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Voting with your wallet

November 30, 2012 Leave a comment

I’ve been ranting to enough people over glasses (numerous) of wine recently that it was bound to turn up eventually in my blog. The subject being my general and growing unease with corporate entities who engage in tax avoidance shenanigans. It riles me even more when the same people use “The consumer gets a better price” as an excuse. (Sure, you get cheap books but your kid’s school now can’t afford books – see the problem here?)

Image source & copyright: Guardian.co.uk

Obligatory Guardian sourced image (note the Guardian are owned by an offshore based trust so they are certainly not getting off scott free)

I’ve had pretty heated discussions about politics with many friends/ colleagues/ family over the years, and I must state now that my general views trend towards redistributionism, especially for unearned income, but this is not the aim of this post. There are endless discussions to be had around inheritance/equality of opportunity and the like, and I’ll leave those for another time. This blog is more about the feeling that corporate entities, especially, if they benefit from the market that a population provides (including a stable political system in which to do business; transport infrastructure to get their staff and customers to their locations; police and safety institutions that keep their money, customers and staff safe; and an education system that provides them with qualified staff) they should be contributing fairly to the taxes that fund that crucial infrastructure. I am far from thinking that making money is evil in of itself, and I’m plenty happy for companies to live or die by their levels of competitiveness/product range/R&D etc. I am much less comfortable when the reason they can undercut others’ prices is because they’re swerving payments that other operators have to pay by law.

I’m not expecting everyone to agree with me, but there is a growing movement across the UK in particular to shame both public figures and multinational companies into facing the results of their actions. Starbucks, Amazon and Google are well known companies that have been used as poster boys for how not to act (and how not to brief your senior executives for questions with an MP). There is also troubling evidence for these companies that consumers are not happy about their actions.

The Mission: Ethical Shopping

ethical shoppingThe fury that some companies create is often dismissed as “the politics of envy” and I’m sure there are some people for whom resentment of people richer than them has an ugly core of jealousy – but there is a very real issue of equality – not of money, but equality of tax treatment, at the heart of this issue, which definitely makes my hackles rise. The government should definitely be sorting it out, as it’s a farce that multi-jurisdictional entities are able to avoid payments that smaller companies cannot avoid, but until they do, I’m on my own personal mission to positively discriminate where possible towards those of whose actions I approve.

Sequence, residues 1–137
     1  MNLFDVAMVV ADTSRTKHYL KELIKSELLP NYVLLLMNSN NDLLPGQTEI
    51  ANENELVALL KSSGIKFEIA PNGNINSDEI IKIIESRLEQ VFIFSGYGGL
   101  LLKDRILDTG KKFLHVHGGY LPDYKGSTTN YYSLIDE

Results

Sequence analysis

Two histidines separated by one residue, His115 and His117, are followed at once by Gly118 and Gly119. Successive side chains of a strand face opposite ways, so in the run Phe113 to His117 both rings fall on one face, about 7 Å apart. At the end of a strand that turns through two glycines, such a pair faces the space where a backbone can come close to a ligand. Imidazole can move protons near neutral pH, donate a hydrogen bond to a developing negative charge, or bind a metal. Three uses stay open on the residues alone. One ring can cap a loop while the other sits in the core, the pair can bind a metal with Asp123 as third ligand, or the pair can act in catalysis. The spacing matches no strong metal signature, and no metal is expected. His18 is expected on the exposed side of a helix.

It’s not going to be possible to totally change my purchasing (and hey, I work in advertising, that well known ethical sector) but if I can  make a few key changes then I’ll be happier that I’m making a difference, even if small.

Task 1) Change bank account.

A few years ago I changed my personal account to Smile, the internet offshoot of the Co-operative Bank, and have been really happy with them, so my next step was to move our joint account also. As I do with everything, I tried to do it all online at first but because Jules wasn’t around at the same time and with joint accounts you need both people there,it became a bit of a chore and it was easier to register with the Co-operative Bank themselves and receive the application details by post, which made the process take a few more days (and sacrificed a few trees needlessly ;).

Once that had been done, they contacted our previous bank (Barclays) and all the direct debits were moved over seamlessly. We were given a temporary £1,000 overdraft in case there was a mismatch of bills/salary payments during the crossover period (which there was so it came in handy).

All in all, pretty easy and I now have the added smugness of knowing that my finances aren’t contributing to dictators or weapons supply.

Ease – 2 out of 5, (5 being the most difficult)

tree hugging

Tree hugging of course

Task 2) Green energy

I have been a typical “switcher” with my energy supply over the last few years – changing my supplier every year or so, following the cheap deals and trying to save money above all else. There has always been an element of greenery poking through the decision process – I’ll often pay a little bit more to get a greener tariff, for instance, but the majority of energy has always been from traditional sources reflecting the average UK supply – natural gas, coal fired power stations etc.

I decided this time to put my money where my mouth is and go for the largest green element to energy supply that I could find, which turned out to be 100% of electricity with Ovo Energy, although gas is still mostly North Sea supplied as right now we can’t yet use cow farts in the national gas network :). The good thing is that my bills still appear to be the same, but I’m benefiting from the smug factor again.

Next up – food, books, xmas presents…..

Two notes:

For anyone interested, there’s some great research in Ethical Consumer Magazine between providers in various sectors  and you can choose the issues you care about – eco, green, veggie, tax etc, so that the recommendations fit your needs. )

Apology that the book lover link is linking to Amazon. You don’t have to buy from there, in fact I positively encourage you to go to your local independent bookshop instead.

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